Kansas Supreme Court to decide tobacco purchasing age in Topeka

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FILE – In this April 11, 2018, file photo, a high school student uses a vaping device near a school campus in Cambridge, Mass. U.S. health regulators are moving ahead with a plan to keep e-cigarettes out of the hands of teenagers by restricting sales of most flavored products in convenience stores and online. (AP […]

The Kansas Supreme Court will soon decide whether to raise the age to buy cigarettes in Topeka. In 2017 the city passed an ordinance to raise the age for buying tobacco products to 21.

A lawsuit from local businesses sent the case to the supreme court. Former city councilmember Elaine Schwartz introduced the ordinance to the city council.

Schwartz said she was motivated to make the rule because of her own experience with cigarettes. 

“I had smoked probably when I was 15 and stopped in the year 2000,” Schwartz said. She said the smoking caused heart damage that required her to have surgery.

She said the goal of the ordinance is to keep young people from getting addicted to tobacco products.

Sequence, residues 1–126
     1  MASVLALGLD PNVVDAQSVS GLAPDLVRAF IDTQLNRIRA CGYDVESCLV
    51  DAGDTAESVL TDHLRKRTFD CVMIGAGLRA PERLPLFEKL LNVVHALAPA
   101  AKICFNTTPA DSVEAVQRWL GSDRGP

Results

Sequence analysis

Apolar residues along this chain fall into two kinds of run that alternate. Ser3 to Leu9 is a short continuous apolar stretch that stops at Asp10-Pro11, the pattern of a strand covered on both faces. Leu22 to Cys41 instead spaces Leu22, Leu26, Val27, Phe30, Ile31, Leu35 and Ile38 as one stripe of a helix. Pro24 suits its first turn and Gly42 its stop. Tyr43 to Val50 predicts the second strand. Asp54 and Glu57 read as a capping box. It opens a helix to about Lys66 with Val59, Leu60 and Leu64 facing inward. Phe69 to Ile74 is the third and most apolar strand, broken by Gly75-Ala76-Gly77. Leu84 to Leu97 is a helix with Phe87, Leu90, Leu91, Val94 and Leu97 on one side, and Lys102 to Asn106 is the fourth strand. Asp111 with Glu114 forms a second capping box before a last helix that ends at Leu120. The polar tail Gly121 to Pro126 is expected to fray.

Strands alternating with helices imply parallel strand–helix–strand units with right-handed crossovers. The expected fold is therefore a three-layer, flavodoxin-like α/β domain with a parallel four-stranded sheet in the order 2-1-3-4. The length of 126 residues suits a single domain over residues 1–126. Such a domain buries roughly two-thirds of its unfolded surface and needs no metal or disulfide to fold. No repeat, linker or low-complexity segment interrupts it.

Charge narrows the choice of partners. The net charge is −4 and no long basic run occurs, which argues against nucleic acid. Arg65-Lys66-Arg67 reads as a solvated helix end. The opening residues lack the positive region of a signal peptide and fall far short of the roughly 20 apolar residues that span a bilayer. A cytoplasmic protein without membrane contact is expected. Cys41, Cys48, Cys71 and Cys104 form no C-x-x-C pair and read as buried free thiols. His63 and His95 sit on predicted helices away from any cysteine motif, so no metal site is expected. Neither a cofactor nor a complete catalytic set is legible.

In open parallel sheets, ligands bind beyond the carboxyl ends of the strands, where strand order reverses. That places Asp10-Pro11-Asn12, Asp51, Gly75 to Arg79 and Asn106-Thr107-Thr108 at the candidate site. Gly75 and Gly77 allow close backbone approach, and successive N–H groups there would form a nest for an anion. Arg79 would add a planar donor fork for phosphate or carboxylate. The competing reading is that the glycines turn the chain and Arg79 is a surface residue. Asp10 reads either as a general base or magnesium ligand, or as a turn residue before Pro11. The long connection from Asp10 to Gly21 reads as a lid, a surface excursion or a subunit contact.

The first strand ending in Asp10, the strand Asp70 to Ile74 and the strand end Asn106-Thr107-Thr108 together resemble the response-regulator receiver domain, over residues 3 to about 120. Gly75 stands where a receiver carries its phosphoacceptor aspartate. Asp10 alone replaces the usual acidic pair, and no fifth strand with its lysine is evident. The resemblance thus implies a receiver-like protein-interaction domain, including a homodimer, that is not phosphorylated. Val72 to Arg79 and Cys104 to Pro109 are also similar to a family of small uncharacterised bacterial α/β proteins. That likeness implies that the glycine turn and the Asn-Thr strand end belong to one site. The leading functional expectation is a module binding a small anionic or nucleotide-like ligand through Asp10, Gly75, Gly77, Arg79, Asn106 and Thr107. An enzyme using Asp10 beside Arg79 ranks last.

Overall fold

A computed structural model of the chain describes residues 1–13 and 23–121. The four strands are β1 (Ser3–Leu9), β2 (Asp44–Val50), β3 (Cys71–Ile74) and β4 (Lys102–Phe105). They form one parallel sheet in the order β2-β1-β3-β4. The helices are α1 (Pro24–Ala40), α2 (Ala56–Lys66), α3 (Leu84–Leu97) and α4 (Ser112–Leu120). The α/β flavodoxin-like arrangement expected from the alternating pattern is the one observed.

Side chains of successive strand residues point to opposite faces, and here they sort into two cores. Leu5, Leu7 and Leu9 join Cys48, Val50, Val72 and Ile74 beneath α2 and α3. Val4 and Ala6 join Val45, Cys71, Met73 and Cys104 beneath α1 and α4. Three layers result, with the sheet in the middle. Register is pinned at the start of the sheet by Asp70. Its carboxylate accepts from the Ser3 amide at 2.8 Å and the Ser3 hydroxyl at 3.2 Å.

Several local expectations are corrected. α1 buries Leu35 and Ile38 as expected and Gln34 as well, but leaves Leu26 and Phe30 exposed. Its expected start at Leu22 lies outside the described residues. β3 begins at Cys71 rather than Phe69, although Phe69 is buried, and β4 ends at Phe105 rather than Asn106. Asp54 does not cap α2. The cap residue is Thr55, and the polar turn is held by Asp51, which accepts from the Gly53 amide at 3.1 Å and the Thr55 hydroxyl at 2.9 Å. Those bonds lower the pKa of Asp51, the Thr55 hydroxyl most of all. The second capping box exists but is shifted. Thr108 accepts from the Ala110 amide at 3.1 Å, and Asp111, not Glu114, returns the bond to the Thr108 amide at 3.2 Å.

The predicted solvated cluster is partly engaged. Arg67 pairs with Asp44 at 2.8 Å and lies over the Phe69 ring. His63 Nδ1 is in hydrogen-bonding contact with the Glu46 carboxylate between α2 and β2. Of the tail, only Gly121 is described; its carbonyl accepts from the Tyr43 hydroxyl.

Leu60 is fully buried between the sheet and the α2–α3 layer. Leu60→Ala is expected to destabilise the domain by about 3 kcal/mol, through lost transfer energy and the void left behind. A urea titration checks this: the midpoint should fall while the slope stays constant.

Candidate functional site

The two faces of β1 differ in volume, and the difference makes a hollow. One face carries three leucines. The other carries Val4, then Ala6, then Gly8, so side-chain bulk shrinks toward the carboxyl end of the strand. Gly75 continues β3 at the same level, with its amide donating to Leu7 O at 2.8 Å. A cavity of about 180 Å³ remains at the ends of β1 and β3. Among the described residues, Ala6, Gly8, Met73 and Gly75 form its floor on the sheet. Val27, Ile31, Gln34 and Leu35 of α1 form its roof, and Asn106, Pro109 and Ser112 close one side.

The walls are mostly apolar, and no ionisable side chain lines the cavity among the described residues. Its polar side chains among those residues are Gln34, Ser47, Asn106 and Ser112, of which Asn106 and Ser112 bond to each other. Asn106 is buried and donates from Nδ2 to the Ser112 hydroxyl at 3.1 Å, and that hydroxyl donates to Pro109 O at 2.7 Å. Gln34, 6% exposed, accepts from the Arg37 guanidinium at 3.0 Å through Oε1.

“The research shows that if you’re before 21 and you take up smoking or tobacco use, you become addicted to it then,” Schwartz said. 

Spencer Duncan is the state director for the Kansas Vapers Association. Businesses in his association are suing Topeka over the ordinance. 

“We are challenging the authority of the state versus the municipality to change these laws,” Duncan said. “It is our contention that this is to be done at the state level only, and the municipalities do not have the authority to change the age.”

Several Kansas cities have raised the age through similar ordinances. Schwartz said she thinks the cities will effect change in the state law. 

“A lot of times if you have quite a few cities pass something, then it does become state law,” she said.

Duncan said he’s not against raising the age, but rather how it’s being raised by the city.

“I don’t know that we’re outright opposed to that,” he said. “It’s how it’s structured that we’ve also had issues with.”

He said the rule is one-sided against businesses.

“They only enforce it on the individual who sells the product,” Duncan said. “There is no penalty to a minor who purchases or uses the product.” 

The Kansas Supreme Court heard arguments during a special session Monday night at the Lied Center at the University of Kansas. The hearing was open to students and the public.

There isn’t a set time for when the court will release its decision in the case.

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